These Turkish shadows are all centered around the hero, a sort of native Don Juan, a scamp with a37 good bit of mother wit; he is called “Karagheuz” (Black Eye). There are about sixty other characters to a complete cast, among them Hadji-aivat, representative of the cultured classes and boon companion of Karagheuz, and Bekri Mustafa, the rich peasant just come to town, who frequents questionable resorts, gets drunk and is invariably plundered. There are Kawassan, the rich Jew, and a Dervish and a romantic robber and the Frank and the wife and daughter of Hadji-aivat and all sorts of dancers, beggar-women, etc. George Jacob brings to notice also pathological types such as the dwarf, the opium fiend, the stutterer and others; also representatives of foreign nations, the Arabian, the Persian, the Armenian, the Jew, the Greek, all of whose peculiar accents and mistakes in speaking the Turkish language form a constant source of merriment to the Turks themselves. The plot generally consists of the improper adventures of Karagheuz, his tricks to secure money, his surprising indecencies, his broad, satirical comment on the life about him. Théophile Gautier was present at a Karagheuz performance. He writes: “It is impossible to give in our language the least idea of these huge jests, these hyperbolical, broad jokes which necessitate to render them the dictionary of Rabelais, of Beroalde of Eutrapel flanked by the vulgar catechism of Vade.”

The extreme beauty of the production, however, and the expertness of the manipulator somewhat redeem the performances for our Western eyes. The38 figures are cut out of camelskin, the limbs skilfully articulated. Holes in the necks or chests and, for special figures which gesticulate, also in the hands, enable slender rods to be inserted at right angles by which they are manipulated. The appearance of the transparent, brightly colored figures, with heavy exaggerated outlines, rather resembles mosaic work, while the faces are sometimes done with the extreme care of portraits. The effect produced by these luminous forms is truly beautiful; the color is heightened by surrounding darkness, which tends to increase the seeming size of the figures and to give them an almost plastic quality.

Chinese Puppets

 Upper: Operated from above with strings
Lower: Operated from below with sticks

[American Museum of Natural History, New York]

From an account of F. von Luschan we may imagine the usual Karagheuz performance to take place in somewhat the following manner. In any coffee house the rear corner is screened off with a thick curtain into which is inserted a frame. Over the frame a linen is stretched taut. Behind it is set a platform or table upon or at which the operator places himself and his figures. There is little equipment. Four oil lamps with several wicks are furnished with good olive oil to distribute an even illumination behind the screen. The manipulator brings on his characters and talks for them. If two of them gesticulate simultaneously, he overcomes the difficulty by holding one of the rods lightly pressed against his body, thus freeing a hand for the emergency. He must also keep time to the dancing with his castanets, stamp the floor for marching, smack himself loudly to imitate the sound of buffets and keep an eye on the lamps39 which threaten constantly to set fire to himself and his paraphernalia.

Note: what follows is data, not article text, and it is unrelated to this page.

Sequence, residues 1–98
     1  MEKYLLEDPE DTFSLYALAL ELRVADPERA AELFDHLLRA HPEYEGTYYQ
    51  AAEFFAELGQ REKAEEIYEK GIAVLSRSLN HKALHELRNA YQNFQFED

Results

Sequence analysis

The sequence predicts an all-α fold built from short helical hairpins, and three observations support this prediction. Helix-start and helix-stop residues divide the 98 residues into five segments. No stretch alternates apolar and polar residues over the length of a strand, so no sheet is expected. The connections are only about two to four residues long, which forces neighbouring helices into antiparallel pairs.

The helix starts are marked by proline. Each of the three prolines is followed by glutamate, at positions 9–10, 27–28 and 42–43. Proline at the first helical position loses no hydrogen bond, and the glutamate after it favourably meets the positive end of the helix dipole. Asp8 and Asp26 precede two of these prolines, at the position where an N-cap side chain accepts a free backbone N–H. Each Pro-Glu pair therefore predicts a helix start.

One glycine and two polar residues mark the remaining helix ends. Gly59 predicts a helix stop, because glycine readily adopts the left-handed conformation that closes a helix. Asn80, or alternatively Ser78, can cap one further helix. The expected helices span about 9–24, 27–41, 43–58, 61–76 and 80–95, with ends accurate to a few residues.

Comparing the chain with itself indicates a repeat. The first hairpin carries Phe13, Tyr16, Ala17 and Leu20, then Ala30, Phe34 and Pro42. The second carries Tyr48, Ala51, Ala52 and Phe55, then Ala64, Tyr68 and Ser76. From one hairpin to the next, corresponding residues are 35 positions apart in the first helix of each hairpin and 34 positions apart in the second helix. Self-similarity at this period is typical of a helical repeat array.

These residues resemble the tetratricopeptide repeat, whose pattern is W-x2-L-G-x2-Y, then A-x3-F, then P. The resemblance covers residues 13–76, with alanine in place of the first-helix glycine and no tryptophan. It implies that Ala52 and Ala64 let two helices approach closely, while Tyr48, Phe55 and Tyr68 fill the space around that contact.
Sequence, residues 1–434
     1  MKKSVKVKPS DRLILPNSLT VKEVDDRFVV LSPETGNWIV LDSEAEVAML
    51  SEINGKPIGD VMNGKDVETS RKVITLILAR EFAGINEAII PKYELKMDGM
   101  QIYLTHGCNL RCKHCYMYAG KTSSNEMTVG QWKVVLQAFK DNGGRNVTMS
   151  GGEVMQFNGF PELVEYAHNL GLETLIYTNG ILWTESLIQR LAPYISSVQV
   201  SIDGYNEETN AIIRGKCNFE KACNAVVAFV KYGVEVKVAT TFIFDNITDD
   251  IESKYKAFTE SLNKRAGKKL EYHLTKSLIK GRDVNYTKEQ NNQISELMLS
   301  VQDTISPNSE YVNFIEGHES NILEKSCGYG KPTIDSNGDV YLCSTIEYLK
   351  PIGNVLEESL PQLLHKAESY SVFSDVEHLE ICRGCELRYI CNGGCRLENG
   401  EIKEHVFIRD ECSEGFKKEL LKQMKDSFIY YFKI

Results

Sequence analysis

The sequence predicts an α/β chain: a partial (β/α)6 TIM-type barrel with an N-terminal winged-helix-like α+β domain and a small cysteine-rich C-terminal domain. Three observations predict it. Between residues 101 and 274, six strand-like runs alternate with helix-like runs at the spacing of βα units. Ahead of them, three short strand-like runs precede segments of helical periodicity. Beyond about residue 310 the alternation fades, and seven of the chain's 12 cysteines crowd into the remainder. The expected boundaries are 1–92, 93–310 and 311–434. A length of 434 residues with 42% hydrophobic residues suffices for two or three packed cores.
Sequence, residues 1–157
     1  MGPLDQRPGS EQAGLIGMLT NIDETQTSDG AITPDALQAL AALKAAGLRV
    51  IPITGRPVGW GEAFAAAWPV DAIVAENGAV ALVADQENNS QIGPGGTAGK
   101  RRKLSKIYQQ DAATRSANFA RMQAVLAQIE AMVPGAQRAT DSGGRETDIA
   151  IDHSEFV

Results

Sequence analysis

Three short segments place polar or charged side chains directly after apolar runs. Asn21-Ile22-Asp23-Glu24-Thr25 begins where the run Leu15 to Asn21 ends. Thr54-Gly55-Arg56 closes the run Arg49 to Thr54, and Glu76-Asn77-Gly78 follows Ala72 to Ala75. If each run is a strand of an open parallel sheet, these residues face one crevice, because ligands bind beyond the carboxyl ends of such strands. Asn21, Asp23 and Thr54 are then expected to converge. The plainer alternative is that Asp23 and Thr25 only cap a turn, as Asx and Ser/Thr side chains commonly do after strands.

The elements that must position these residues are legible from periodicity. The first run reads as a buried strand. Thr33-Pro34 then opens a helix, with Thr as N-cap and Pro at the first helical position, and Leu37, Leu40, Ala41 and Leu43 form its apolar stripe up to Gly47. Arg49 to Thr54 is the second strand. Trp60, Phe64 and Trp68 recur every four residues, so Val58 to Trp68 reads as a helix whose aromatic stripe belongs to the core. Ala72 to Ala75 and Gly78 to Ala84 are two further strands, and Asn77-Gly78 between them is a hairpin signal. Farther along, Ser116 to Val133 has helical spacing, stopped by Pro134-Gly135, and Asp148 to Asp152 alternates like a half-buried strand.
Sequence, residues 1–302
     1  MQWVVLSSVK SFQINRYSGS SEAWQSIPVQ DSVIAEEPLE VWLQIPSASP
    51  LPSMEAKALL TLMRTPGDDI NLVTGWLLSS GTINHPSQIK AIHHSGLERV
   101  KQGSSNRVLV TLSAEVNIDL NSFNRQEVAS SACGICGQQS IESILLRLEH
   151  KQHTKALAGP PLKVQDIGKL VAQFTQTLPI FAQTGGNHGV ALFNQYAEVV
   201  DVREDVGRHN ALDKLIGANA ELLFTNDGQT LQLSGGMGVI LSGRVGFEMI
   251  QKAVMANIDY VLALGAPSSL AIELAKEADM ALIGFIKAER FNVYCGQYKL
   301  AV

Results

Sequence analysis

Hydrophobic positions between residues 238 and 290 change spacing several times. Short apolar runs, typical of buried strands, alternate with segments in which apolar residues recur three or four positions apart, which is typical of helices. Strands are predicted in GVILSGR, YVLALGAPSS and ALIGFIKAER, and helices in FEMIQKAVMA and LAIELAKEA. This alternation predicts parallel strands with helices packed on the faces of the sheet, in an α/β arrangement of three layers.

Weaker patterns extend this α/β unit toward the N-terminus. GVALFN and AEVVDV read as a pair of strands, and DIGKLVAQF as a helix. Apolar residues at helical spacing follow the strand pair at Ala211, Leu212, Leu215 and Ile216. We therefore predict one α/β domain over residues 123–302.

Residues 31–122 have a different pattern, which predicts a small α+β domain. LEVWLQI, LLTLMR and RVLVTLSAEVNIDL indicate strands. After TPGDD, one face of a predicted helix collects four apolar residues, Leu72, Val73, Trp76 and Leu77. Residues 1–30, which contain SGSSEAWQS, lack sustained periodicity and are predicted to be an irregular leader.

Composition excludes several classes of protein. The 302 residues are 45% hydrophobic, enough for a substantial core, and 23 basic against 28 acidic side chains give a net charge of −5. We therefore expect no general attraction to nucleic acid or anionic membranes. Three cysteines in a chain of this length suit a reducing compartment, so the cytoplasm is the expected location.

Wayang Figures from the Island of Bali

[Collected by and belonging to Mr. Maurice Sterne, New York]

These Karagheuz shows are popular not only throughout Turkey but, more or less altered, in Syria, Palestine, Arabia, Egypt, Tunis, Tripoli, and Morocco. It is recorded that in 1557 in Cairo a puppet play was instrumental in stirring up a revolt and had to be prohibited. In Arabia the shadows are decidedly debased in character, crude, and wholly inartistic. In Tunis the performances are said to be mere conglomerations of obscene incidents. Guy de Maupassant writes in his Vie Errante: “We must not forget that it was only a very few years ago that the performances of Caragoussa, a kind of obscene Punch and Judy, were forbidden. Children looked on with their large black eyes, some ignorant, others corrupt, laughing and applauding the improbable and vile exploits which are impossible to narrate.” In 1842, however, a traveller in Algiers witnessed a shadow play presenting incidents from the Arabian Nights’ Tales, in which Karagheuz was a less rude buffoon than usual. At the end of the play there appeared upon the screen the illumined inscription: “There is no God but Allah and Mohammed is his Prophet.”

* * * * *

In China the art of the shadow play has long, long ago attained a degree of perfection as high if not surpassing that of any other country. The Chinese have quaintly designed marionettes, but in the magical40 beauty of their shadows they are without peers. It is only within the last few decades, in fact, that the artists of Paris with the shadow plays at the Chat Noir have succeeded in at all approaching their skill and inspiration.

Chinese Shadow-play Figures: collected by B. Laufer in Pekin, 1901

[American Museum of Natural History, New York]